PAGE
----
Wednesday, July 23, 2008

Wall Street Partying 1929 Style

As our National CEO noted, "Wall Street got drunk". President George W. Bush didn't highlight his and Congress' role as bartender via the 2005 Bankruptcy Bill,. The White House stated, "These commonsense reforms will make the system stronger and better so that more Americans - especially lower-income Americans - have greater access to credit." Never mind, that government abandoned its historical role as financial cop.

But one man's misfortune is another's opportunity, as noted by the Wall Street Journal.

The richest 1% of Americans in 2006 garnered the highest share of the nation's adjusted gross income for two decades, and possibly the highest since 1929, according to Internal Revenue Service data. Meanwhile, the average tax rate of the wealthiest 1% fell to its lowest level in at least 18 years.

No surprise that a politically connected private equity underwriter (PEU) read the signs and invested strategically to serve the super wealthy. MarketWatch announced The Carlyle Group invested $75 million in Boston Private Financial Holdings. The piece offered a description of Carlyle's latest investment.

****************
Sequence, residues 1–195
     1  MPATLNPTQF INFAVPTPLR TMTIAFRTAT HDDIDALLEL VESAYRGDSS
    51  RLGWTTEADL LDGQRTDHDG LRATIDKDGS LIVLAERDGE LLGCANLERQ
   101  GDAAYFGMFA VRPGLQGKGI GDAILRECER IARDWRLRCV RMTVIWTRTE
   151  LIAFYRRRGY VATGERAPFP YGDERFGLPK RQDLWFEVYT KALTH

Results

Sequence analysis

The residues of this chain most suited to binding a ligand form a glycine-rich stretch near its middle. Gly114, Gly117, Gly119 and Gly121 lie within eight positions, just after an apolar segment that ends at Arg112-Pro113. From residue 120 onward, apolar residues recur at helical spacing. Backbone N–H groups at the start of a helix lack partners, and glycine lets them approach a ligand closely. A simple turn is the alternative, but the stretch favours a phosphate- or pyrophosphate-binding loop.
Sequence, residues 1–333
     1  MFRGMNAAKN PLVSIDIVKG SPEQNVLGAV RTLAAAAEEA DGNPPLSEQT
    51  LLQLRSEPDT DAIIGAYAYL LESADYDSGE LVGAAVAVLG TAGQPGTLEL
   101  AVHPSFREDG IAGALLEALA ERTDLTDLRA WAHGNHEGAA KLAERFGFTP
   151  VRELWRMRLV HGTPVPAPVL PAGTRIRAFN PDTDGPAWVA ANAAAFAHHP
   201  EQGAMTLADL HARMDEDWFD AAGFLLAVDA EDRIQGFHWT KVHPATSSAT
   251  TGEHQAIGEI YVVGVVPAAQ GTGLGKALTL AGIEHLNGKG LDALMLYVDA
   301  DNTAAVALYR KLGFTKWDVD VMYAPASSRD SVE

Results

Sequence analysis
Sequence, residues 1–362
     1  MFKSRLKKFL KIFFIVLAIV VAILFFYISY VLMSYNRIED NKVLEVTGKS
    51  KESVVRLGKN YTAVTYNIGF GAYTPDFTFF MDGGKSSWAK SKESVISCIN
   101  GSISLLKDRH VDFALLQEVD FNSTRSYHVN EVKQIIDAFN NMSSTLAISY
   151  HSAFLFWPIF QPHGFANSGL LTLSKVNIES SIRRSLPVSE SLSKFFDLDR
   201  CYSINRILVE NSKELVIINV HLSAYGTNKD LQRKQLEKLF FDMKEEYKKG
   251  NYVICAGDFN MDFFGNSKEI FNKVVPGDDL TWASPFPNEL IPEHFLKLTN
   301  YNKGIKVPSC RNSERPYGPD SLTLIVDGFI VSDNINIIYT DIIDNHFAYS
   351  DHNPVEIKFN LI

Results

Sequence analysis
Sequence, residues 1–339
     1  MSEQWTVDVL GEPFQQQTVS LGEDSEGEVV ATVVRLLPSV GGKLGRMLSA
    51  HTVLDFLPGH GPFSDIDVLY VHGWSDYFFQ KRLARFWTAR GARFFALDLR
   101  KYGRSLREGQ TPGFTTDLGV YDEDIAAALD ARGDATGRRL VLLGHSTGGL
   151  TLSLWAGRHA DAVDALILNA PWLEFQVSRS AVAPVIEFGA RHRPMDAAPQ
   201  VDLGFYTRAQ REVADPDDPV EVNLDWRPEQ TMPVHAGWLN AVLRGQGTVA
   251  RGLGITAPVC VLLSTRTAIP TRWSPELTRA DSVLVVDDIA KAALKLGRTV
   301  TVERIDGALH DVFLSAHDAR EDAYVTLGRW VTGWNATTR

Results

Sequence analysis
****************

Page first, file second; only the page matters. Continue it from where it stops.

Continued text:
Boston Private Wealth Management Group is a national financial service organization comprised of independently operated affiliates located in key regions of the U.S. that offer private banking, wealth advisory and investment management services to the high net worth marketplace, selected businesses and institutions.

So, one might expect change? Hardly, the Bush team wants "hair of the dog that bit them" to cure the hangover. More deregulation is the shot. The Federal Reserve Bank met with members of the aforementioned Carlyle Group to discuss lowering bank requirements such that private equity and their foreign government controlled investment partners can shore up U.S. banks.

The system remains firmly in control of leaders drunk on power and money. The bar's still open and the cops are fast friends of the abusers. It's not a pretty picture, unless you like greed enablers and their concomitant dysfunction.